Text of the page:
hort.net Seasonal photo, (c) 2006 Christopher P. Lindsey, All Rights Reserved: do not copy
articles | gallery of plants | blog | tech blog | plant profiles | patents | mailing lists | top stories | links | shorturl service | tom clothier's archive0
Gallery of Plants
Tech Blog
Plant Profiles
Mailing Lists
    Search ALL lists
    Search help
    Subscription info
Top Stories
sHORTurl service
Tom Clothier's Archive
 Top Stories
New Trillium species discovered

Disease could hit Britain's trees hard

Ten of the best snowdrop cultivars

Plant protein database helps identify plant gene functions

Dendroclimatologists record history through trees

Potato beetle could be thwarted through gene manipulation

Hawaii expands coffee farm quarantine

Study explains flower petal loss

RSS story archive

Re: Diploids Etc

  • Subject: Re: [IGSROBIN] Diploids Etc
  • From: Phil Bunch <pbunch@CTS.COM>
  • Date: Thu, 25 Oct 2001 05:17:30 -0700

The production of fertile pollen is very rare, at least in most
plants. However a triploid can be treated with colchicine to get a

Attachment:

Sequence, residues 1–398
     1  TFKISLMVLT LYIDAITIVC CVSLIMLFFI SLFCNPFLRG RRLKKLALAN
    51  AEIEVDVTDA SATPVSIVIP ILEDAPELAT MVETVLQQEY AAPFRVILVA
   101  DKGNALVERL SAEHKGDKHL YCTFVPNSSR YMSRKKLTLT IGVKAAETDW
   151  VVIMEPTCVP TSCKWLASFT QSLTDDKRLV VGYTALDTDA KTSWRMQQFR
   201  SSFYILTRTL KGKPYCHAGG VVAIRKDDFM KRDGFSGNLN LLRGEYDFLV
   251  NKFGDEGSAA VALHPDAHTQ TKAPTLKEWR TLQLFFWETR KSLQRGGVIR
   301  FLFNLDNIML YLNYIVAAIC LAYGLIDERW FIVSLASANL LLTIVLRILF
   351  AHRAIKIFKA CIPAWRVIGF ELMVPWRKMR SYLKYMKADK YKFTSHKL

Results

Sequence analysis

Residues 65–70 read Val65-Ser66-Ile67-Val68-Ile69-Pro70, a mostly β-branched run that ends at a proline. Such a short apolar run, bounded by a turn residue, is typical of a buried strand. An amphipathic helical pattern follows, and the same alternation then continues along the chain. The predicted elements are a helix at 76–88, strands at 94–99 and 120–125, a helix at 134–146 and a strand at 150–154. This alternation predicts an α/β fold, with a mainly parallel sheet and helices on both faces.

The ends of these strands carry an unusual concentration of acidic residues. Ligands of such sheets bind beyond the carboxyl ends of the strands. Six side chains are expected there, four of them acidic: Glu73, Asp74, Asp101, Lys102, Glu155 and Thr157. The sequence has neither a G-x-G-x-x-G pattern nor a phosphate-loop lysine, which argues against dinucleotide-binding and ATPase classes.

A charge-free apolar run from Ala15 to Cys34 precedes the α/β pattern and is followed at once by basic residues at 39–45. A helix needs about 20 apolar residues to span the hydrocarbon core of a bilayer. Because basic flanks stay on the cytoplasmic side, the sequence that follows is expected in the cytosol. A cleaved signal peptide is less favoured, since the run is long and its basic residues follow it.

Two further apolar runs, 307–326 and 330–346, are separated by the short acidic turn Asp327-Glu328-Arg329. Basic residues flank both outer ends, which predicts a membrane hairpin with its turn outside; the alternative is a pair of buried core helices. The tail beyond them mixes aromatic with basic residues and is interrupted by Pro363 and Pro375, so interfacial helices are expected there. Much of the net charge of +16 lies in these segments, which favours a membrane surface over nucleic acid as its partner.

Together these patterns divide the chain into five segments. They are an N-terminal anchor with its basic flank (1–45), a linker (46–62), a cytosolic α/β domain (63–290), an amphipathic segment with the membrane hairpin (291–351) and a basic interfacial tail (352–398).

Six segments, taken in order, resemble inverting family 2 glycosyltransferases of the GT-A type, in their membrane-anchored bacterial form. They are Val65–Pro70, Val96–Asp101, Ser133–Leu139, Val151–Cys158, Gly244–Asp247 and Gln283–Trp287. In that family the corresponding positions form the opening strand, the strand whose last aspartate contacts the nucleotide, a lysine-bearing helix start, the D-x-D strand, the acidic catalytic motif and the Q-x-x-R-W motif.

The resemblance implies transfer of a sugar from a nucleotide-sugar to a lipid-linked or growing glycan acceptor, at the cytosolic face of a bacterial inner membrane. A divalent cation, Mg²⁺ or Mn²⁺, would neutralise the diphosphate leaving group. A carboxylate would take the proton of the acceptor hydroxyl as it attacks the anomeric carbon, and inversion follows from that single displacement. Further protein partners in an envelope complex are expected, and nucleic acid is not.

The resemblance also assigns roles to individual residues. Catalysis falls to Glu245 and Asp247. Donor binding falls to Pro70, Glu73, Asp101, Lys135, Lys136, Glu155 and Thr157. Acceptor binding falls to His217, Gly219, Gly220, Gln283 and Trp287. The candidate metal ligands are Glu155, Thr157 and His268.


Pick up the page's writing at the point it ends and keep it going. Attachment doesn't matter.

hexaploid (6N) which is usually at least partly fertile. These
sometime can be backcrossed with the diploid or tetraploid parent and
produce some fertile offspring.  Interesting things can happen since
genes are sometimes transferred to other chromomes. With luck you may
get useful material transferred from one specie to another. Not often.
-----Original Message-----
From: Sandy Connerley <sandym@NORTHCOAST.COM>
Date: Wednesday, October 24, 2001 21:53
Subject: [IGSROBIN] Diploids Etc

>That was so clear.  Thank you very much.
>Triploids are generally sterile.  I think they sometimes (though not
>often) produce a little pollen.  Am I right that if they do, it is
>generally diploid?

 © 1995-2017 Mallorn Computing, Inc.All Rights Reserved.
Our Privacy Statement
Other Mailing lists | Author Index | Date Index | Subject Index | Thread Index